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What are the regulations surrounding bus lanes and why are some vehicles allowed to use them, but not others?

25 May 2019


Bus lanes have been a bone of contention with many drivers, ever since the first bus lane was marked out and came into operation.


The world's first designated bus lane to be marked out was in Chicago, Illinois in 1940, while the first bus lanes to be established in Europe were located in Hamburg, Germany in 1963.

It wasn't long before other German cities followed on from Hamburg’s example, and in 1970 the implementation of bus lanes was officially sanctioned in the German highway code.


The UK finally followed suit, and on 26 February 1968 a bus lane was created and brought into service on Vauxhall Bridge, London.


Since 1968 the bus lane network in London has grown and there are now in-excess of 150 miles of bus lane in London sevicing 6,500 buses, with many hundreds of miles servicing the rest of the UK.


With the advent of ViaVan and other on-demand services, confusion seems to have arisen as to which vehicles can actually use bus lanes.


According to Transport for London the following can all use bus lanes in the capital: 


  • buses which have a minimum of 10 seats, including the driver

  • licensed London taxis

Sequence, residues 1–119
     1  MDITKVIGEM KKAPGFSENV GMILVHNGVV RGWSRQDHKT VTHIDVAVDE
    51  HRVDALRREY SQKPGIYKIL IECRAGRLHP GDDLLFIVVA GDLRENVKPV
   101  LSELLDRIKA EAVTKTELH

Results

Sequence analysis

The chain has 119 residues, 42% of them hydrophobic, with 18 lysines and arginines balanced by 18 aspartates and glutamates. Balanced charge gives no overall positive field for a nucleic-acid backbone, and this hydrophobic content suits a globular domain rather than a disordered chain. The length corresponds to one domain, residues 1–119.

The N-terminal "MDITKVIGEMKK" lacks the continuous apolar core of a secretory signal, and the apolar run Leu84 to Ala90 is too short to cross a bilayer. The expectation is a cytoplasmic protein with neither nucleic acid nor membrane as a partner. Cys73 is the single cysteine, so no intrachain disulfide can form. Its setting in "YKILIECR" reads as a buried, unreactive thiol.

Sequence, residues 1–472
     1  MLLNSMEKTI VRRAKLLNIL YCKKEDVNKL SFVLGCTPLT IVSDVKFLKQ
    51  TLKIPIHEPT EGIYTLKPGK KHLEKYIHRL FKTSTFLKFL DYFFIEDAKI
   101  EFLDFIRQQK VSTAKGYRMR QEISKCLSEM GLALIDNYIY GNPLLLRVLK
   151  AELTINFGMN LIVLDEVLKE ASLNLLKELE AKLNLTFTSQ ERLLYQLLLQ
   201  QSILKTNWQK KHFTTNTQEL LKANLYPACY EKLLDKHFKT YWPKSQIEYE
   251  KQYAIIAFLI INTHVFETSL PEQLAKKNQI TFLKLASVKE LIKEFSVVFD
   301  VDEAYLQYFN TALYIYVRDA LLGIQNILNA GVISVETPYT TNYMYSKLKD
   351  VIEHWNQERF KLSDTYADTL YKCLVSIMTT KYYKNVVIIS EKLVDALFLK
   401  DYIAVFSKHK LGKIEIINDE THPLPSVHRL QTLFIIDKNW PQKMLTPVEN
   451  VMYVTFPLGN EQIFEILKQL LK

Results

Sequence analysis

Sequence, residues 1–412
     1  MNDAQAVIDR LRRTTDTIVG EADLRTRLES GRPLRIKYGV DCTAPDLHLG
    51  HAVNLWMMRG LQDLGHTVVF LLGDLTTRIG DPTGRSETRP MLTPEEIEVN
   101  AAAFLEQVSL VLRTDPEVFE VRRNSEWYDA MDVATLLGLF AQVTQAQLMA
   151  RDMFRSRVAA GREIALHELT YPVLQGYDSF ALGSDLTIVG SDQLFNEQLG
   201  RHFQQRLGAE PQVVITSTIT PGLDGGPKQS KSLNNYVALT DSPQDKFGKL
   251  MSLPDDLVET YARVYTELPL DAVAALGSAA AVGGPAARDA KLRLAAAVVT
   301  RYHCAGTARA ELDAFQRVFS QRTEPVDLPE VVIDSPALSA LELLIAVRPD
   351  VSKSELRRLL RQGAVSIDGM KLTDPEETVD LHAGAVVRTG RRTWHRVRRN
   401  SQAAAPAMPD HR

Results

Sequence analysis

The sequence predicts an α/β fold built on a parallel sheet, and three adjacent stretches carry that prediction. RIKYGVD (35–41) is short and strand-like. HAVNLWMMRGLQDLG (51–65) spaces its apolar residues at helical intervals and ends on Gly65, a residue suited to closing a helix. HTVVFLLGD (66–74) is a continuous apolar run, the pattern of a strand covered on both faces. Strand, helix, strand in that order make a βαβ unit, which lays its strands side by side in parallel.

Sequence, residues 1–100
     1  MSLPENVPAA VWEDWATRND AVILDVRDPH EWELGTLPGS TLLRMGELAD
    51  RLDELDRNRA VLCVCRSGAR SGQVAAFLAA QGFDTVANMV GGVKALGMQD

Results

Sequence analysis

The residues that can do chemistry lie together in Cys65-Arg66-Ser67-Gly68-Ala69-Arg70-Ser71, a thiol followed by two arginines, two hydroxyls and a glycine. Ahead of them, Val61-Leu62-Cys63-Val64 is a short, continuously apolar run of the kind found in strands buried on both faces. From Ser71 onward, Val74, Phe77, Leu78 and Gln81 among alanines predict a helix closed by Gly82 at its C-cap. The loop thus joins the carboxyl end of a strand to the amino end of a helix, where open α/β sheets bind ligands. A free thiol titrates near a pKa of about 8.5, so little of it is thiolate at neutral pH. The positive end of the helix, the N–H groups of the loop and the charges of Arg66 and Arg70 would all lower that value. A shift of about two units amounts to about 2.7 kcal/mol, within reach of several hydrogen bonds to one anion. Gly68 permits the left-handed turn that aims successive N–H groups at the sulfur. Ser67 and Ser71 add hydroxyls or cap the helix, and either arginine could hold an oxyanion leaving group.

• motorcycles without side cars

  • mopeds

  • scooters and tricycles which are non-motorised, motorised under 450kg and not with side cars



Private hire vehicles as well as all other traffic are prohibited fron entering bus lanes.


In some cases a sign may display the word 'local' indicating that only local bus services can use the bus lane. 


These rules differ across the UK, for example, although a London or Birmingham bus may be defined by the requirement of having 10 seats, in Manchester the requirement is that a vehicle must have 9 seats to be defined as a bus.


What needs to be remembered is that it doesn't matter what a company name is, if a vehicle has the permissible number of seats to enter a bus lane, then it doesn't matter whether the vehicle is operated by ViaVan, UberBus or Fred Bloggs Coaches, they can enter a bus lane, and be afforded the same rights as any other bus company.


Image Source: Geograph  

Image Author: David Dixon

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